Written by Joanna M. Foster
Baby puffins starving off the coast of Maine because herring have moved to colder waters, sea turtles in Brazil hatching mostly females because of warmer sands — there’s no question that climate change threatens the continued existence of thousands of species, including that forlorn-looking polar bear on his shrinking iceberg.
Off the coast of the Aleutian Islands, for example, researchers at the University of Santa Cruz have found that sea otters essentially control one of the ocean’s largest carbon sinks — kelp forests. That’s because sea otters are the main predators of sea urchins, which, if released from the pressure of predation, quickly multiply and decimate kelp forests down to bare ocean floor. While a lot of sea otters are best for keeping urchins at bay, even a few sea otters can help limit the damage to the kelp by forcing urchins to spend most of their time hiding amongst the rocks instead of brazenly marching across the kelp beds eating everything in sight.
Kelp beds protected by otters absorb 12 times more carbon dioxide than those thinned out by urchins, according to the research.
Around the world, ecosystems which keep carbon dioxide locked up and out of the atmosphere are getting more and more attention. Until recently, Ecuador was successfully raising funds from other nations to keep Ecuadorian forests intact, and the massive amounts of carbon they hold, in the ground. Likewise, the United Nation’s REDD program — Reducing Emissions from Deforestation and Forest Degradation — is devoted to finding economic mechanisms to help incentivize developing countries to protect their carbon rich forests. Despite all this, however, very little attention is given to the role of animals in the carbon cycle.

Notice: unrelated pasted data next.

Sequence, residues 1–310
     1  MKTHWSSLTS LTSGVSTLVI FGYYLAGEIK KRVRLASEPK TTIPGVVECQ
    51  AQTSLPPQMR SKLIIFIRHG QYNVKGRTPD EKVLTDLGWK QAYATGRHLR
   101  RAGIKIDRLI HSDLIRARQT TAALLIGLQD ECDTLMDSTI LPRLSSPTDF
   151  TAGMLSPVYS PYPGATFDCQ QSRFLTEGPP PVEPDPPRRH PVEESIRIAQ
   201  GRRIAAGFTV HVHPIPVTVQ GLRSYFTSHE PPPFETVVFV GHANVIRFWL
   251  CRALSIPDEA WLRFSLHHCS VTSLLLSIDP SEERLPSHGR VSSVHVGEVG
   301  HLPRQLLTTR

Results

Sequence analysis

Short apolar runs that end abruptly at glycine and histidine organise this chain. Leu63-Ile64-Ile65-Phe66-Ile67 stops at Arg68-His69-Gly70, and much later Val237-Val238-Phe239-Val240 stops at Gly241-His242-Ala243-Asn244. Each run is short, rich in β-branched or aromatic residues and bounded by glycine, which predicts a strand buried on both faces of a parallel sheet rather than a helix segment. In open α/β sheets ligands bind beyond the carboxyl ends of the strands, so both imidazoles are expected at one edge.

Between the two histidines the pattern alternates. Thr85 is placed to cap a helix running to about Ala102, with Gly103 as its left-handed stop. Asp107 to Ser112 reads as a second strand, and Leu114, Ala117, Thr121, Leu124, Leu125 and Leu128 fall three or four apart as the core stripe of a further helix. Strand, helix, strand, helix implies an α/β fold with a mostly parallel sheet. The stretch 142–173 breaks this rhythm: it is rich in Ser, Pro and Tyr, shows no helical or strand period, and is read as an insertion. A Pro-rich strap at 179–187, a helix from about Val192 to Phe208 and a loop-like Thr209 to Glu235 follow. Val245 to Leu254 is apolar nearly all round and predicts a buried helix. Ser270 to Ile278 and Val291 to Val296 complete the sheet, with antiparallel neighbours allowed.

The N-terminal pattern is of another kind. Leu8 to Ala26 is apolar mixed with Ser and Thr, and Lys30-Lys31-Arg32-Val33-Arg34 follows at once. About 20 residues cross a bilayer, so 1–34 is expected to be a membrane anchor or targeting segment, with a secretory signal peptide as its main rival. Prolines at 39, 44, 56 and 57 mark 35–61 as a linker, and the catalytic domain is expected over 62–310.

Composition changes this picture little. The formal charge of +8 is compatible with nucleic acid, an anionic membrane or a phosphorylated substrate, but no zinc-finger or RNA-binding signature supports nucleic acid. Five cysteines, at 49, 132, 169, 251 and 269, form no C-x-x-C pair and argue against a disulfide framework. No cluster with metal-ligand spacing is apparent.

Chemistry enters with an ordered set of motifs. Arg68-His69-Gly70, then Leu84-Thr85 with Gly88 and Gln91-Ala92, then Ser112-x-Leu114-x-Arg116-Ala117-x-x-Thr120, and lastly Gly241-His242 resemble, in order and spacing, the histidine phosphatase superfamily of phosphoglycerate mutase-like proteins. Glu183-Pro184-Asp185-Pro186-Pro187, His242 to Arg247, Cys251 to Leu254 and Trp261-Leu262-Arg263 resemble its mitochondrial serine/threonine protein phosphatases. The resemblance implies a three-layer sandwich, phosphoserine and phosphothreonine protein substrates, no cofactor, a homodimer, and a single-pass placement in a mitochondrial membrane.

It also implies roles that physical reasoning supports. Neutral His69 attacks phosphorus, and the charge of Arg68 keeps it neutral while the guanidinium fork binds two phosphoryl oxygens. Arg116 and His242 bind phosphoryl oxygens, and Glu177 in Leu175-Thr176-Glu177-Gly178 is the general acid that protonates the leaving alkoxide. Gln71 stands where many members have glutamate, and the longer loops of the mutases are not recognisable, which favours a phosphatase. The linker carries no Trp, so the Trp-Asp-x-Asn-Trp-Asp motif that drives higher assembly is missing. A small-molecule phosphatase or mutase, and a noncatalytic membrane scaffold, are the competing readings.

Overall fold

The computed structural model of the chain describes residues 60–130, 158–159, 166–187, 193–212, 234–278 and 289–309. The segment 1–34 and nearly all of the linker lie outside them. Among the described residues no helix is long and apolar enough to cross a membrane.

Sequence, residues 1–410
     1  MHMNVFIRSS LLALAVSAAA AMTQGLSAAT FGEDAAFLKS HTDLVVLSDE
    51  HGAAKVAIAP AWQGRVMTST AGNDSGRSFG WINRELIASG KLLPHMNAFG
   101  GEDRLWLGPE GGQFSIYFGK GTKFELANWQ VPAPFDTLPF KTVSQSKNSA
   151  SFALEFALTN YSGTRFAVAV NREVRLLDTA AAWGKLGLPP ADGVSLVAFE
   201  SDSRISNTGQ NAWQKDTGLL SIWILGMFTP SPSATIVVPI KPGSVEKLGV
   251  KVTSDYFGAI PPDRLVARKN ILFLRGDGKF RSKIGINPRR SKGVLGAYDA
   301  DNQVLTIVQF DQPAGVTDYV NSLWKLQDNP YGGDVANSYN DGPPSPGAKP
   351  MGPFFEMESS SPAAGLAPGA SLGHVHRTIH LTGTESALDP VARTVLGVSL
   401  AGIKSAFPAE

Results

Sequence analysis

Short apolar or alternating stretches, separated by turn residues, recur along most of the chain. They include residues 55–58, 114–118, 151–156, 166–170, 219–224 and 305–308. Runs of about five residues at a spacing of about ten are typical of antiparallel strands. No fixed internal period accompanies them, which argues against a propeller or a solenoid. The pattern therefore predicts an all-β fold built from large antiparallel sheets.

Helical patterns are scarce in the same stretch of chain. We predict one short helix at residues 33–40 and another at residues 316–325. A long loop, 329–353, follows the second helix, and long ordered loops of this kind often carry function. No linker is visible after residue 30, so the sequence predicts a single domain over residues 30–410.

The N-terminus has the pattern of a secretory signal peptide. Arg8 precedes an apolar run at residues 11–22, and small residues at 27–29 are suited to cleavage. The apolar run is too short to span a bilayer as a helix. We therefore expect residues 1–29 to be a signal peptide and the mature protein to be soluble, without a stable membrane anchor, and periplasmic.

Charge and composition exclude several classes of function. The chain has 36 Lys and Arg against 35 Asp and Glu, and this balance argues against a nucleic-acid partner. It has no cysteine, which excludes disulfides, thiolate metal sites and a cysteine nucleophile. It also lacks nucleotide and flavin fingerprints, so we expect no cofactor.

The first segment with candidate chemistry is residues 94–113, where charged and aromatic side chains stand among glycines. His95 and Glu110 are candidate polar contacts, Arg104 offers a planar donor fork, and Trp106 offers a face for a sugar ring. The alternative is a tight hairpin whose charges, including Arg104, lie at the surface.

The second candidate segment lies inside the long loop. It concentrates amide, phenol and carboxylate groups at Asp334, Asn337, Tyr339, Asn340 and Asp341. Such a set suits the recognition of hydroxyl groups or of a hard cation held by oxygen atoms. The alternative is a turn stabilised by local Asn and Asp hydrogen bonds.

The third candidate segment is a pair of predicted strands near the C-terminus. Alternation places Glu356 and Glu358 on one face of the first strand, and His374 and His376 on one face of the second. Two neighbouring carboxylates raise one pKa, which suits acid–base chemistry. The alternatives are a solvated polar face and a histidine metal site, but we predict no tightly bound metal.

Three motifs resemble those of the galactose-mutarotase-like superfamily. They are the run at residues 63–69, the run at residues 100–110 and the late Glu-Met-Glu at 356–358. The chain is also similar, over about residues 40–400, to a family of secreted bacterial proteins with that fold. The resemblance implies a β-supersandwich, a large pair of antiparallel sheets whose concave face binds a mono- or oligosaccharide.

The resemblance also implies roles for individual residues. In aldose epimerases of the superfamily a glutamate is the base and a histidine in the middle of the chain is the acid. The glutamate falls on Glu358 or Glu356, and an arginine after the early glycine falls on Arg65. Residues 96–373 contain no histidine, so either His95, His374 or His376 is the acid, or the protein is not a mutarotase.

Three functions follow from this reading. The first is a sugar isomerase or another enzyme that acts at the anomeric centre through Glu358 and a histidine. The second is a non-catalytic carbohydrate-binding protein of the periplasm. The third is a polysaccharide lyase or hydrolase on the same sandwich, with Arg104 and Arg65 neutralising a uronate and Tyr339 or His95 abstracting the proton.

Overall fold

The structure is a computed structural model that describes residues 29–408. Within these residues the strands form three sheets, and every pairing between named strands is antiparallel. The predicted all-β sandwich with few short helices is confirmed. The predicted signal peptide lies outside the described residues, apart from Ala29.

The researchers at UCSC used the current price of carbon on the European carbon market to estimate the value of sea otters in their study site in terms of the quantity of kelp that the otters protect. They found the carbon sequestered by the living kelp was worth somewhere between $205-$400 million.
While current carbon markets clearly aren’t evolved enough to pay for otter conservation, the hope is that one day there will be structures available to place the appropriate value on sea otters, which, at present, not only give us their cuteness for free, but also their services as guardians of the rain forests of the deep.
This post was originally published in ThinkProgress
Photo Credit: Mike Baird via Wikimedia Commons